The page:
The EFF has put together a handy guide on choosing the right VPN — virtual private network — that explains in simple terms why you’d want to use this type of software.
“It enables a computer to send and receive data across shared or public networks as if it is directly connected to the private network—benefiting from the functionality, security, and management policies of the private network,” the guide explains.
It goes on to clarify the three reasons people typically encrypt their data. Most people already using a VPN do so for the two reasons: They connect to a corporate network remotely or are attempting avoid Internet censorship in countries like China and Iran. But even if you’re not using a VPN for business or digital freedom, there is a simple reason why you’d want to use a VPN.
“You can also use a commercial VPN to encrypt your data as it travels over a public network, such as the Wi-Fi in an Internet café or a hotel,” the EFF writes.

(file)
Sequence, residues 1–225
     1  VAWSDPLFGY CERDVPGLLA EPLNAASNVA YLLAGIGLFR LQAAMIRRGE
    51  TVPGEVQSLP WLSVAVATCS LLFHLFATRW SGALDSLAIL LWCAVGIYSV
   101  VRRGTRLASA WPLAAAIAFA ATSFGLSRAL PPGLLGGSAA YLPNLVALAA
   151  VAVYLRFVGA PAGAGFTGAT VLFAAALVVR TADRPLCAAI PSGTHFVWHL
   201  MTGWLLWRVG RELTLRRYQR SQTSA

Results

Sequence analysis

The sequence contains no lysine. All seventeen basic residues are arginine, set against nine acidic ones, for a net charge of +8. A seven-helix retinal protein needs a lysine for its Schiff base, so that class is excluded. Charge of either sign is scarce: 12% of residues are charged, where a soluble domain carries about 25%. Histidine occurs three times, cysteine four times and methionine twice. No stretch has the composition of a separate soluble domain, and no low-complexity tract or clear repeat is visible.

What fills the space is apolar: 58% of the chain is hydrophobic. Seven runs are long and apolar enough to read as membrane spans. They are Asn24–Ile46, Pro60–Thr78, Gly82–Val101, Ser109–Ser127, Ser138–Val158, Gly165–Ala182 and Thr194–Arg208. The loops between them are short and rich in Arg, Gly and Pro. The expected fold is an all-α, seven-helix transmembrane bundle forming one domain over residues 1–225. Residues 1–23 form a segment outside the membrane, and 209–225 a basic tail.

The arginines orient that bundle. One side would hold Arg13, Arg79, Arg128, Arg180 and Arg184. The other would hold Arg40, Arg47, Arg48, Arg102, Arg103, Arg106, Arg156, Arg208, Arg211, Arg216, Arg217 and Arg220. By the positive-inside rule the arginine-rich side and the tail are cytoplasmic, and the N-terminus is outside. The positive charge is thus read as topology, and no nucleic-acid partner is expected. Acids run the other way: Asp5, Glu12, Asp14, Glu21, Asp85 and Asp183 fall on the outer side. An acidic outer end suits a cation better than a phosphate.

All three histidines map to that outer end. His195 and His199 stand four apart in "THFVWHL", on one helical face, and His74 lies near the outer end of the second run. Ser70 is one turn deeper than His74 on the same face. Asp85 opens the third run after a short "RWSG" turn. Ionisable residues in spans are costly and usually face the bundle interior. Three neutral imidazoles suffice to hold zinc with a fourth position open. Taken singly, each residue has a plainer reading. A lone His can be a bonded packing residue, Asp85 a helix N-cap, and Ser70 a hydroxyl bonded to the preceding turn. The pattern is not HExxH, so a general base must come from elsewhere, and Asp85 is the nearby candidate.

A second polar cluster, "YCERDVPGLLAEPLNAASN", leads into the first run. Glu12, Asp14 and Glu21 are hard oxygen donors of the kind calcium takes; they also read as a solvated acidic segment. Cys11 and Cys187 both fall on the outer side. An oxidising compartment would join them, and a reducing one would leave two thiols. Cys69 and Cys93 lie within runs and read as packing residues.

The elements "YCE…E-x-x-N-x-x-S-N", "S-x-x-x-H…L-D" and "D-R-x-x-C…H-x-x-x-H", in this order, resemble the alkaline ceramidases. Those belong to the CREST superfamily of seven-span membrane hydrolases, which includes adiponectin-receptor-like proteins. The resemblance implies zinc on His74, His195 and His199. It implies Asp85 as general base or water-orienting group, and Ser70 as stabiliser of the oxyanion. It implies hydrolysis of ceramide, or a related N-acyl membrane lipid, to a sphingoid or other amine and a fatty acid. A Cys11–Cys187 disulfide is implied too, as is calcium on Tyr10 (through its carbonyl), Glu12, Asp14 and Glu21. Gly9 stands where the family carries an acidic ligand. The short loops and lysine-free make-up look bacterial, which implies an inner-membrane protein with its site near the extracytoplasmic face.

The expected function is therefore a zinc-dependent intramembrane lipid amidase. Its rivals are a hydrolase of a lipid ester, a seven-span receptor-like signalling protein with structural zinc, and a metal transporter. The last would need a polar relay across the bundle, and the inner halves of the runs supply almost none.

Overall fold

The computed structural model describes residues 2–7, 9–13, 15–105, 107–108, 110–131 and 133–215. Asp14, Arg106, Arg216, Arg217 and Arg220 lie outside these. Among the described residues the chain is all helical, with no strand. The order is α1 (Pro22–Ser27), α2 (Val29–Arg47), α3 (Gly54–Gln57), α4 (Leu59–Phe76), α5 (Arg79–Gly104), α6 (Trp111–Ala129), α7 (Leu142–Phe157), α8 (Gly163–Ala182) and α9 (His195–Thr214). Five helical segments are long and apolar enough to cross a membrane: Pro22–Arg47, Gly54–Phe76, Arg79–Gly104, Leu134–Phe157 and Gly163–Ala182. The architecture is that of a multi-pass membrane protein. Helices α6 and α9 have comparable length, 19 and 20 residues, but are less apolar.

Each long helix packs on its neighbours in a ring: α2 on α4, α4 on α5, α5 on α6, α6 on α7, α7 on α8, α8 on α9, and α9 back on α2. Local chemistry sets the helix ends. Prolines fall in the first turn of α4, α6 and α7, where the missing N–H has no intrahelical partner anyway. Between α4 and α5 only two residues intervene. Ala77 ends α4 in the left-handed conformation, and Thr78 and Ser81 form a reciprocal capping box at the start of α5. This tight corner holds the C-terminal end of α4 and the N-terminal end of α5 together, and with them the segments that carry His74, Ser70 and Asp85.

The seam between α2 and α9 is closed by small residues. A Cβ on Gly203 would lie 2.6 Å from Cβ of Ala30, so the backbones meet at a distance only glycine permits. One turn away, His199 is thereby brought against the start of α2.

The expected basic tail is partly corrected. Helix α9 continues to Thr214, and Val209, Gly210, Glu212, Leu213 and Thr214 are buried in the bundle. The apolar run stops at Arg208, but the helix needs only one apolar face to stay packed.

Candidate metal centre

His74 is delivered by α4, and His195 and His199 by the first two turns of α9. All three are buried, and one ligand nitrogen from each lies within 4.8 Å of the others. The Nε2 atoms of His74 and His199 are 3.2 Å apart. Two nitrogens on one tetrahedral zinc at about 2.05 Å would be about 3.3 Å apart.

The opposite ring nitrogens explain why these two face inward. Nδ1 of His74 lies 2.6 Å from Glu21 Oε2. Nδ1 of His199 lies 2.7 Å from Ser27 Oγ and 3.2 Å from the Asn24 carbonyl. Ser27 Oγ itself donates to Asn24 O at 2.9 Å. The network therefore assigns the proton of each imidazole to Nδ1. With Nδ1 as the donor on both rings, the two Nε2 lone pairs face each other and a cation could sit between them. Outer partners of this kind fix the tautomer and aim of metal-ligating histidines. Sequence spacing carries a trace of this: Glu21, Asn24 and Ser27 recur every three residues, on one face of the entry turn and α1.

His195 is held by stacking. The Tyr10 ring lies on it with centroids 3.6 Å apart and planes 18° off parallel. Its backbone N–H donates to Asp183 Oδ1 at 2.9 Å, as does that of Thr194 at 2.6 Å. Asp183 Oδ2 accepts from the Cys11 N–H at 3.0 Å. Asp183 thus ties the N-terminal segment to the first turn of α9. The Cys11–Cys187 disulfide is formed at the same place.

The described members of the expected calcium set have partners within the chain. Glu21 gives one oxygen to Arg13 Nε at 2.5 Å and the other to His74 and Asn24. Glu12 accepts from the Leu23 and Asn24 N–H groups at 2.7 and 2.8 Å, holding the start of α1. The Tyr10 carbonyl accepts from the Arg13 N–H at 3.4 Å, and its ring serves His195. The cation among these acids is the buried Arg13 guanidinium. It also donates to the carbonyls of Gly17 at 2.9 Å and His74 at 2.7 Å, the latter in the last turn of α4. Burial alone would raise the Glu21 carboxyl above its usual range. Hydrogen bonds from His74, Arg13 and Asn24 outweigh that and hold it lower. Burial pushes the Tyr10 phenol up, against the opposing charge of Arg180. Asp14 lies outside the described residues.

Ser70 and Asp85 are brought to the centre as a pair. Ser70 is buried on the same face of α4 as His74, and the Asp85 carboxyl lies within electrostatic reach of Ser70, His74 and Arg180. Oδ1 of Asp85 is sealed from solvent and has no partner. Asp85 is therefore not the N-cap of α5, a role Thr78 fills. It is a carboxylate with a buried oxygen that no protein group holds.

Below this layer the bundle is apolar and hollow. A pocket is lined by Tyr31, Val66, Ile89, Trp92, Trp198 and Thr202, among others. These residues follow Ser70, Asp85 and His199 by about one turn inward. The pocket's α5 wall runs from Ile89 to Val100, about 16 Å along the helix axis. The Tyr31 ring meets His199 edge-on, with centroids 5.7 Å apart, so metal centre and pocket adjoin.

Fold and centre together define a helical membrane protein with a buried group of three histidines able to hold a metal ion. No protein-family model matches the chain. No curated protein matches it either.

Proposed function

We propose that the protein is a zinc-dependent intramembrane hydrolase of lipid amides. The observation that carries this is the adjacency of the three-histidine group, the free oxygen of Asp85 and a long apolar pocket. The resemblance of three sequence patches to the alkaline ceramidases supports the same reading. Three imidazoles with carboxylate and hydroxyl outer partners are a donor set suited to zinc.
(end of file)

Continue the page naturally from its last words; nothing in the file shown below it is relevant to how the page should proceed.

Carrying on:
I put together this flow chart that explains whether you’re a candidate for this third reason to use a VPN:
“A good number of open wi-fi providers take the time to tell you in their T&C that there are inherent risks with wireless communications and suggest using a VPN,” F-Secure Security Advisor Sean Sullivan said after we conducted a public Wi-Fi experiment. “So if you don’t take it from me, take it from them.”
And even if you aren’t on a public network, you may want a VPN to protect you from ubiquitous tracking elements like a perma-cookie.
You can try our super simple Freedome VPN solution — which also includes tracking protection and the ability to set up virtual locations — free.
[Image via Trevor Cummings | Flickr]
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